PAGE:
High grade cervical lesions decline in young US womenBMJ 2015; 350 doi: https://doi.org/10.1136/bmj.h3341 (Published 22 June 2015) Cite this as: BMJ 2015;350:h3341
The incidence of high grade cervical lesions in young women in the United States has fallen, a new analysis has found. The researchers reported in the journal Cancer that this may be caused by the introduction of the human papillomavirus (HPV) vaccine but may also be due to changes in screening guidelines.1
From 2008 to 2012, 9119 cases of high grade cervical lesions (CIN2+) were reported among 18 to 39 year olds as part of a sentinel system for the US Centers for Disease Control and Prevention.
In all four catchment areas the researchers found a dramatic and consistent decrease in the incidence of high grade lesions among women aged 18 to 20 over the study period. In California the incidence fell from 94 in 100 000 to 5 in 100 000; in Connecticut it fell from 450 to 57 in 100 000; in New York it fell from 299 to 43 in 100 000; and in Oregon it fell from 202 to 37 in 100 000. Among 21 to 29 year olds the rate of high grade lesions declined in Connecticut and New York but not in the other two areas. No change was seen among 30 to 39 year olds.
Vaccination against HPV has been available in the US since 2006. It is offered to girls aged 9 to 12 and as part of short term catch-up scheme targeting 13 to 26 year olds. The picture is unclear, however, as the recommended age for initiating cervical cancer screening was raised to 21 years during the same period, and screening intervals have been extended.
The researchers found that screening rates declined during the study period: the largest decreases were seen among 18 to 20 year olds (ranging from a 67% fall in Oregon to 88% in California), and smaller declines were recorded among 21 to 29 year olds (13% to 27%) and 30 to 39 year olds (3% to 21%).
Susan Hariri, study author, said that the decline in incidence of high grade lesions among 18 to 20 year olds was probably due to the widespread implementation of guidelines to start screening at age 21, but she added that the larger decreases in CIN2+ incidence may be an effect of the vaccine. In the 20 to 29 age group the trend was more difficult to interpret; Hariri said that the effect of the vaccine should become clearer over time as more women in this age group receive HPV vaccine at younger ages.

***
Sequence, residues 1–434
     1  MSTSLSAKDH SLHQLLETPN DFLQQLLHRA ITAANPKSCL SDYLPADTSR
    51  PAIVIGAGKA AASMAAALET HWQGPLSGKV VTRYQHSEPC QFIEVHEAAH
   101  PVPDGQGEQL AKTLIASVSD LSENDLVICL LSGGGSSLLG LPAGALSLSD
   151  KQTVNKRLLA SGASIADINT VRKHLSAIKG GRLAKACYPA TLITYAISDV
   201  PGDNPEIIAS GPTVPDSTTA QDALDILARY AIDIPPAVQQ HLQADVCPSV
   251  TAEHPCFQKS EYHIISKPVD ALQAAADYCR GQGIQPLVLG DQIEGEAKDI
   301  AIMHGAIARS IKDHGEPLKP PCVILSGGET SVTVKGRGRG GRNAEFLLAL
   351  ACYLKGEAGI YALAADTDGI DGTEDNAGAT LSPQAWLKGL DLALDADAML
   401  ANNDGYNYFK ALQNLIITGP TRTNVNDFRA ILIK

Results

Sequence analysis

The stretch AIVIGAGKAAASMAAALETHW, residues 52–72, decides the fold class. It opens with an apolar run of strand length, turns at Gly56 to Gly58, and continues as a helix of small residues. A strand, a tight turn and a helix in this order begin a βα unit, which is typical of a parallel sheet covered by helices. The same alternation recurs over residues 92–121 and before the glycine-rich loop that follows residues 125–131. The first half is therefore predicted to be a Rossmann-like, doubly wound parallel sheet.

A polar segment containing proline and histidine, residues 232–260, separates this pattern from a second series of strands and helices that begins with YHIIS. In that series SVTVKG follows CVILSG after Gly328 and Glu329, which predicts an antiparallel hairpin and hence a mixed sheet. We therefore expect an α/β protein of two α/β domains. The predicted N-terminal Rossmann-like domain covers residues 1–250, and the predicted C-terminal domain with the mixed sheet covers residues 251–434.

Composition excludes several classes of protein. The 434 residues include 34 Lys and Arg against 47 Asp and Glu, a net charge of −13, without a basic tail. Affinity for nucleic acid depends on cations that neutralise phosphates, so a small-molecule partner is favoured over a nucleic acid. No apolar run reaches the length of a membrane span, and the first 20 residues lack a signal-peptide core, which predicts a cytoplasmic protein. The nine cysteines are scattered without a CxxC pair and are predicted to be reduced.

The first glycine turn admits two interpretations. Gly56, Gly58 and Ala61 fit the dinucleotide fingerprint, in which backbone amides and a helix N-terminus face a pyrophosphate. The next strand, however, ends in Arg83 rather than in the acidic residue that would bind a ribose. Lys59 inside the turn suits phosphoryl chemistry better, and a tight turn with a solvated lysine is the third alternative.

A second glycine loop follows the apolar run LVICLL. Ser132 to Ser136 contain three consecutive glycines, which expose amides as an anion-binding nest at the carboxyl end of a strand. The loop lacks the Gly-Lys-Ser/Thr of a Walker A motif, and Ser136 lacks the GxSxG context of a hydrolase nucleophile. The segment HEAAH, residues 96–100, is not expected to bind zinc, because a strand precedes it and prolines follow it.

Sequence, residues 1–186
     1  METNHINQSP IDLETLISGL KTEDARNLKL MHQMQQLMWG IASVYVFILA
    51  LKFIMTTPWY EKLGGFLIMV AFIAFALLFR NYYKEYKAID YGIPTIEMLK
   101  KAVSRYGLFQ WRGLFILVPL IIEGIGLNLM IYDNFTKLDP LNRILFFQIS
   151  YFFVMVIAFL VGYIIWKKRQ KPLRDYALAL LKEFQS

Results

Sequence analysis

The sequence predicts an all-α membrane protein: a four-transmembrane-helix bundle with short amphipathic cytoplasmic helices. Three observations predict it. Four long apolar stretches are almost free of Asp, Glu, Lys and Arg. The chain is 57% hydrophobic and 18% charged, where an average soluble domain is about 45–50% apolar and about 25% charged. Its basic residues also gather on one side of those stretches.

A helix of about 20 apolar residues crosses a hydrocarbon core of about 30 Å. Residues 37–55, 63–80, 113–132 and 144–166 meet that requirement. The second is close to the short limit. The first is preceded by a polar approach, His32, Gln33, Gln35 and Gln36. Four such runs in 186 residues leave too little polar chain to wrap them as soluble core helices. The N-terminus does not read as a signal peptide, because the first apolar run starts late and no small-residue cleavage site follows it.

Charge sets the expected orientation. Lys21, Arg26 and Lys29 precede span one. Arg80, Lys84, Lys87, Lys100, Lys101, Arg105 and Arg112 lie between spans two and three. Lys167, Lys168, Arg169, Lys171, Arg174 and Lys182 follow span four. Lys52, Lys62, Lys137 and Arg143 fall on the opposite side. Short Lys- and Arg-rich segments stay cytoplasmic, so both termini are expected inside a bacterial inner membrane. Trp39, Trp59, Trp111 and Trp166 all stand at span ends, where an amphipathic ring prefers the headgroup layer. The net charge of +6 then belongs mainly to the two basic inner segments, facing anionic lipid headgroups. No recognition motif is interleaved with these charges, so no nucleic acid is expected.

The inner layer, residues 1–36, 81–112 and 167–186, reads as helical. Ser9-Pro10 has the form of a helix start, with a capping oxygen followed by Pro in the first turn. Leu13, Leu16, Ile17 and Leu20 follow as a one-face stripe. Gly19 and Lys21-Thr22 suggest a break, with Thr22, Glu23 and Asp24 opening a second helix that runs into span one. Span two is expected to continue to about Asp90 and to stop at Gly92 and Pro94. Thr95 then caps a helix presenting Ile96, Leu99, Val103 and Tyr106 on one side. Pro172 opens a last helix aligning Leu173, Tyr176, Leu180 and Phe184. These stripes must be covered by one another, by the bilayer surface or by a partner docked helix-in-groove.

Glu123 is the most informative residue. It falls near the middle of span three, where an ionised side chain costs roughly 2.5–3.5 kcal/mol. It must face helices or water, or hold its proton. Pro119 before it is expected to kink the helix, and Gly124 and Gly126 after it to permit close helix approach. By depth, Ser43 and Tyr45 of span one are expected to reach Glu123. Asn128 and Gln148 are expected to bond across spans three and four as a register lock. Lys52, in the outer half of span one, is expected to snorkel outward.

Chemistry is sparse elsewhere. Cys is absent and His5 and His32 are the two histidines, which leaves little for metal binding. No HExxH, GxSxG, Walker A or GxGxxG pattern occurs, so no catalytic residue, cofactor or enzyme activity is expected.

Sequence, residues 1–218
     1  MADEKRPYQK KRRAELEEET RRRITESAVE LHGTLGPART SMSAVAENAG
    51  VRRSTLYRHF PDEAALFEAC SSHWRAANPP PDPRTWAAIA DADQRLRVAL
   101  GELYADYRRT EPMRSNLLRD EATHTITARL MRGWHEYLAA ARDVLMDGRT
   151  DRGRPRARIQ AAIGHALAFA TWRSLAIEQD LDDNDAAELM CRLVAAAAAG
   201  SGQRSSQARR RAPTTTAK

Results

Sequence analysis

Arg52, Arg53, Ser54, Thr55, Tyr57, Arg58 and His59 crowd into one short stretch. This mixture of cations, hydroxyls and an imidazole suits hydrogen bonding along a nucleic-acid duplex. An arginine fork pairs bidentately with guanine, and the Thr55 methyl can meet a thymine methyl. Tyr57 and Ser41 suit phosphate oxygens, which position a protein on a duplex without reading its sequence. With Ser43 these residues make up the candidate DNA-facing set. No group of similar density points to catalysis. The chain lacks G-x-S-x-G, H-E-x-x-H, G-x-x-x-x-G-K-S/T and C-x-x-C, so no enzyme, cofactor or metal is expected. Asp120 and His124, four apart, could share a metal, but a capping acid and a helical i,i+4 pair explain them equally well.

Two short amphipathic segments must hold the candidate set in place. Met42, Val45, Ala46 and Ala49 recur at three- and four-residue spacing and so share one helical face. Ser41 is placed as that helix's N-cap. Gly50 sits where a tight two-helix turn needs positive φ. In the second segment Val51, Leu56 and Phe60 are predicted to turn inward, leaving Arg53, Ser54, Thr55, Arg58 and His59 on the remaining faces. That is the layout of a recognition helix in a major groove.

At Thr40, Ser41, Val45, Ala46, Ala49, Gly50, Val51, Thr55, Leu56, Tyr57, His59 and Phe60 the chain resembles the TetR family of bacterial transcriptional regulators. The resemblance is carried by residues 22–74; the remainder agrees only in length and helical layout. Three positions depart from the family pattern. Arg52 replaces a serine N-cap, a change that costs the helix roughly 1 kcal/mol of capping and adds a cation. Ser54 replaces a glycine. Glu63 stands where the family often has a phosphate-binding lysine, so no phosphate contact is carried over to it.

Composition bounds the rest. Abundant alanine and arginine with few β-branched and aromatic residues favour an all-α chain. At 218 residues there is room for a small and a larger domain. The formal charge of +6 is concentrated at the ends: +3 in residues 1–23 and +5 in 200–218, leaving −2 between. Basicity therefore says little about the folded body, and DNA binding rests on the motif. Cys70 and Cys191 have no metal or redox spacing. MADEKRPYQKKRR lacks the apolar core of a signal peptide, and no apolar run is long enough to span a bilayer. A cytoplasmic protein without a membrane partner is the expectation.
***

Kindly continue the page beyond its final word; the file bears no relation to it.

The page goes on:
One limitation of the study was that vaccination status was available for only 47.5% of the women who would have been eligible during the analysis period. Also, patients needed to have received only one of the three recommended doses to be considered vaccinated.
In an accompanying editorial Harinder Brar and Allan Covens, from the University of Toronto in Canada, wrote that the study was notable because it was the first to look at incidence trends of high grade cervical lesions in the post-vaccination era in the US. But they added, “The inability to ascertain the overall vaccine uptake rate in the study population and the absence of a central cancer screening and vaccine registry, combined with the presence of considerable heterogeneity within the vaccinated group, make it difficult to draw any meaningful conclusions about how much of the decrease in CIN2+ can be attributed to vaccination alone.”
Cite this as: BMJ 2015;350:h3341